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Economy

China's export control law to become 'key dynamic' in US relations

New measures bring Beijing's economic sanctions power on par with Washington's

China's new export control law will strengthen the country's control over the flow of goods, technology and services including military products, nuclear materials and items with dual uses in the civil and defense sectors.

SHANGHAI -- China's new export control law, which took effect Tuesday, aims to consolidate existing mechanisms for safeguarding the national interest in response to foreign trade pressure.

The law will strengthen Beijing's control over the flow of goods, technology and services. Subject to broad interpretation under national security, it raises concerns over additional trade barriers even as Beijing seeks trade deals with other countries.

Passed by the Standing Committee of the National People's Congress on Oct. 17, the law comes a year after the U.S. adopted export controls targeted at Chinese tech companies such as Huawei Technologies and ByteDance.

Military products, nuclear materials and items with dual uses in the civil and defense sectors are among the categories controlled under the law, which involves an extensive bureaucracy that cuts across departments under the State Council, or China's cabinet, and the Central Military Commission.

The upshot of the law is expansive as it involves exporters, intermediary service providers such as freight forwarders, as well as buyers of such goods abroad.

End users are also subject to the law, as is any transaction that re-exports any of the controlled items. Re-exports face potential blacklisting and fines of up to 20 times the amount of the illegal contract, or 5 million yuan ($757,000).

While the government has yet to publish the list of controlled items, businesses are expected to need additional resources in order to meet the new requirements.

"At present the EC Law is very vague and lacks the precision required for implementability beyond the basic framework outlined," according to analysts at Mondaq, a U.K. consultancy firm.

The law has stirred market uncertainty even before its implementation.

Prices of rare-earth metals, the raw materials used in production of electronic gadgets including smartphones, shot up in November in anticipation of their inclusion under the controlled items. Already restricted export items with China controlling more than 80% of production, some products such as neodymium oxide surged over 37% in November, according to the Global Times.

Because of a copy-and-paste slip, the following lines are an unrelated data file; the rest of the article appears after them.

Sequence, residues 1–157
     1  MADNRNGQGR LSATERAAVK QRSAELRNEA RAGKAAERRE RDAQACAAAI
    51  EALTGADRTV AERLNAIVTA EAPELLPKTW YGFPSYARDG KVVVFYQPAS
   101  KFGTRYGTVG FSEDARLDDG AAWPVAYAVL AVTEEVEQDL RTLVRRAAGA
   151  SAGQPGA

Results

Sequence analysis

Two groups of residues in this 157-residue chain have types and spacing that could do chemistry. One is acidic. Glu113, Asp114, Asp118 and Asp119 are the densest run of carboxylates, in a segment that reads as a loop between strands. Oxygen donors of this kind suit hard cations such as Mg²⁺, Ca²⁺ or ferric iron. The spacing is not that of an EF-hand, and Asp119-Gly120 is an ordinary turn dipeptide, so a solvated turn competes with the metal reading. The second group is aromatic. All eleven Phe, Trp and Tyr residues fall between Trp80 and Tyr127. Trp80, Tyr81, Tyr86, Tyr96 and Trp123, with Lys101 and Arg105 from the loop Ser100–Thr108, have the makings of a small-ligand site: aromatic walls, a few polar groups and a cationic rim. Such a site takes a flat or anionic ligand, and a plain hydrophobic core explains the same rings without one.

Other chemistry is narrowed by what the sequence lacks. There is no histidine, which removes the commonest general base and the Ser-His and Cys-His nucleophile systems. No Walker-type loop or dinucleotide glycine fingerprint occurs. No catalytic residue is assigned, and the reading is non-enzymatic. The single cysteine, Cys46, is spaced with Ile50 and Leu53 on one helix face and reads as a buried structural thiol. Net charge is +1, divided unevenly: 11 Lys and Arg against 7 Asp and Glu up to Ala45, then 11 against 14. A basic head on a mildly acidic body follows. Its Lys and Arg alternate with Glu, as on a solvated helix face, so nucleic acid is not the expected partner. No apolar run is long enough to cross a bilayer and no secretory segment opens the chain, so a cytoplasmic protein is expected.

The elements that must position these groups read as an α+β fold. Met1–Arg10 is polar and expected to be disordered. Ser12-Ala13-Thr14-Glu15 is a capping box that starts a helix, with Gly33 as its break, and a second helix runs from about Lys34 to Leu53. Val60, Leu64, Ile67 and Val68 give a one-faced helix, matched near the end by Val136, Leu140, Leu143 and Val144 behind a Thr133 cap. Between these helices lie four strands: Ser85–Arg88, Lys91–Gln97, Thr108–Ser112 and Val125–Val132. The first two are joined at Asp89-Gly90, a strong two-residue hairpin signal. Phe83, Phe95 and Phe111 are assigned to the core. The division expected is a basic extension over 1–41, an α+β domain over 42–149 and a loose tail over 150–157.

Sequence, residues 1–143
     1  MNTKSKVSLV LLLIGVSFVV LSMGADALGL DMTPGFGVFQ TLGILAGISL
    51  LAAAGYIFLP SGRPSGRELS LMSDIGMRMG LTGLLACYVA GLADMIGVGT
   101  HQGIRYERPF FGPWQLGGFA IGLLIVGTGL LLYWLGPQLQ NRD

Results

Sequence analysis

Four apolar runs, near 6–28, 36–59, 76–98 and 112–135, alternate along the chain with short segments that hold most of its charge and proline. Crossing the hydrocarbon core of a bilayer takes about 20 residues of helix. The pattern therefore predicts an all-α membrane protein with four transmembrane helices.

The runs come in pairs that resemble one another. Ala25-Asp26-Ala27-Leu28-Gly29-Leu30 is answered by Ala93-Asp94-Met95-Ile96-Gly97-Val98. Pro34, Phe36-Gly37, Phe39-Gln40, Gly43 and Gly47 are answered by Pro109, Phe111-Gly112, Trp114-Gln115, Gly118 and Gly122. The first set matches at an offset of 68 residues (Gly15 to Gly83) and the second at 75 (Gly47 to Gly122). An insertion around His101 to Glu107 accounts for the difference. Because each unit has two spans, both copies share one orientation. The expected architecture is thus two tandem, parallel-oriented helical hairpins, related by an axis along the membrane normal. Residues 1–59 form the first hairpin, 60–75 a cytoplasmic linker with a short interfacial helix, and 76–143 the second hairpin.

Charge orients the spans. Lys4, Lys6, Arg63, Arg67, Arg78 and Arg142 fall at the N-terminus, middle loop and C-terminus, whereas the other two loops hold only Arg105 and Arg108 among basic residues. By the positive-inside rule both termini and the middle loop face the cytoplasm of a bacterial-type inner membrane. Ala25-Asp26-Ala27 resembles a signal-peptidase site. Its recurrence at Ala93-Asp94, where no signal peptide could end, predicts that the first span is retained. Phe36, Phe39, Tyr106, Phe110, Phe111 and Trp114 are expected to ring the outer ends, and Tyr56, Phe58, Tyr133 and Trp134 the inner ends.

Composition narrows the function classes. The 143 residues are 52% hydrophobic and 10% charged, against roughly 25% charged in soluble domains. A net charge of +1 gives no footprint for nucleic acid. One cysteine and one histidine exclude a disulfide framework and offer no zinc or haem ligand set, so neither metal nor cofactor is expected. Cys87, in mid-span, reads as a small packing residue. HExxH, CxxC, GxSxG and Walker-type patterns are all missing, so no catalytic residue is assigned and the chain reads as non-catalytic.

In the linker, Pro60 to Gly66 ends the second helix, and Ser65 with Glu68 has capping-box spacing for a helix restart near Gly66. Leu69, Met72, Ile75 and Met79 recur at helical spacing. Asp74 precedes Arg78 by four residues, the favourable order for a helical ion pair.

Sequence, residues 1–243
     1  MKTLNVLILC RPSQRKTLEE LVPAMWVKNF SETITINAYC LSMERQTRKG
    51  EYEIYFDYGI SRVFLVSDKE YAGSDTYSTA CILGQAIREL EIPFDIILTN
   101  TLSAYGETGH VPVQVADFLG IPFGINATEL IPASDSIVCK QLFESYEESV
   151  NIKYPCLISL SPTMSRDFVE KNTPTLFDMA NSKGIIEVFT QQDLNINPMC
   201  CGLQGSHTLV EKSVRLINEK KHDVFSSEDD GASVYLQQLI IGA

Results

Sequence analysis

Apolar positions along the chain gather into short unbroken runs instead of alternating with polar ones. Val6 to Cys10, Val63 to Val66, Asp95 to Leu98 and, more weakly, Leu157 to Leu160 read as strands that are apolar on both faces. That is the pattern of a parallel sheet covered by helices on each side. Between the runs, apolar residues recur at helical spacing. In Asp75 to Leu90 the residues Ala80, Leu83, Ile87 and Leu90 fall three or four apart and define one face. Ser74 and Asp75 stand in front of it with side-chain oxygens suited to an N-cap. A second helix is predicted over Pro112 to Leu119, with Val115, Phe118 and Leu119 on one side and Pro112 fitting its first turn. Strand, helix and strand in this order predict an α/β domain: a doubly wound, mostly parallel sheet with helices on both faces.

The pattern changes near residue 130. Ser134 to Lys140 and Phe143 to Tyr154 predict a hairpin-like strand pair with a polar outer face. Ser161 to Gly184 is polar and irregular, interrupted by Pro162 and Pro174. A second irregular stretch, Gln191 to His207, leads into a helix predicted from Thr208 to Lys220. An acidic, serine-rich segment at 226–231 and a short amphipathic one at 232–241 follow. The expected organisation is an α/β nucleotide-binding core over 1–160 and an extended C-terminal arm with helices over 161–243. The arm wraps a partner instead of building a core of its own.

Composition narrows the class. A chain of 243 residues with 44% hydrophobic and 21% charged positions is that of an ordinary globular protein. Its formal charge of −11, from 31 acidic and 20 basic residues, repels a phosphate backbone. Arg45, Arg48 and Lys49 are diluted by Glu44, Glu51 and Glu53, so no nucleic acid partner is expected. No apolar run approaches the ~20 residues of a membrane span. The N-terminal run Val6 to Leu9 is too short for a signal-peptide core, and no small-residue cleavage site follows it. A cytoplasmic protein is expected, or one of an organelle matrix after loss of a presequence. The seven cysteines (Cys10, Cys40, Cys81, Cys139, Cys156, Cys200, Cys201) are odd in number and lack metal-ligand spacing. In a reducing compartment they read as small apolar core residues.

At least one company director has been arrested for allegedly violating the import and export law. Zhang Fangliang, founder and chairman of Hong Kong-listed GenScript Biotech, a life sciences company providing antibody cells to global pharmaceutical manufacturers, was detained on Nov. 20 along with two other employees that handled import and export activities.

While no official charge has been made against the Nanjing-based company boss, several local news outlets, including The Paper, reported that the case involved blood and genetic samples prohibited under export control law.

Though comprehensive in nature, the export control law is not China's first as Beijing has long had measures restricting exports of sensitive products, Nathan Bush, a partner at law firm DLA Piper in Singapore, told Nikkei Asia.

Beijing intervened in the sale of ByteDance's mobile app Tiktok in the U.S. a few months back, effectively labeling the technology that powered the social media platform as a restricted item.

"One critical development in the new export control law is Beijing's answer to Washington's 'Entity List,'" said Bush, referring to sanctions against Chinese tech companies in the name of national security.

With Joe Biden set to take the reins of the U.S. presidency, Bush expects the use of export controls as a form of economic sanction to remain a "key dynamic" of Sino-U.S. relations for the foreseeable future.

Not only the U.S. but Beijing can likewise restrict exports to any foreign party it deems to have acted contrary to Chinese national interests, he added.

This appears to send mixed signals to trading partners, in particular signatories to the recently concluded Regional Comprehensive Economic Partnership, of which China is a member.

As the law requires businesses to apply for licenses for unlisted items that may be sensitive to national security, it could give Beijing extra leverage in areas such as technology transfers.

"The threat of blacklisting under the law may deter foreign companies from commercial activities or public relations positions inimical to Chinese government policies," said Bush.

With China now on a par with the U.S. in terms of sanctions tools, non-U.S. companies may find themselves in a bind, Bush said. Such groups "risk steep U.S. penalties for continuing to do business with blacklisted Chinese companies, or risk Beijing's wrath by cutting them off."

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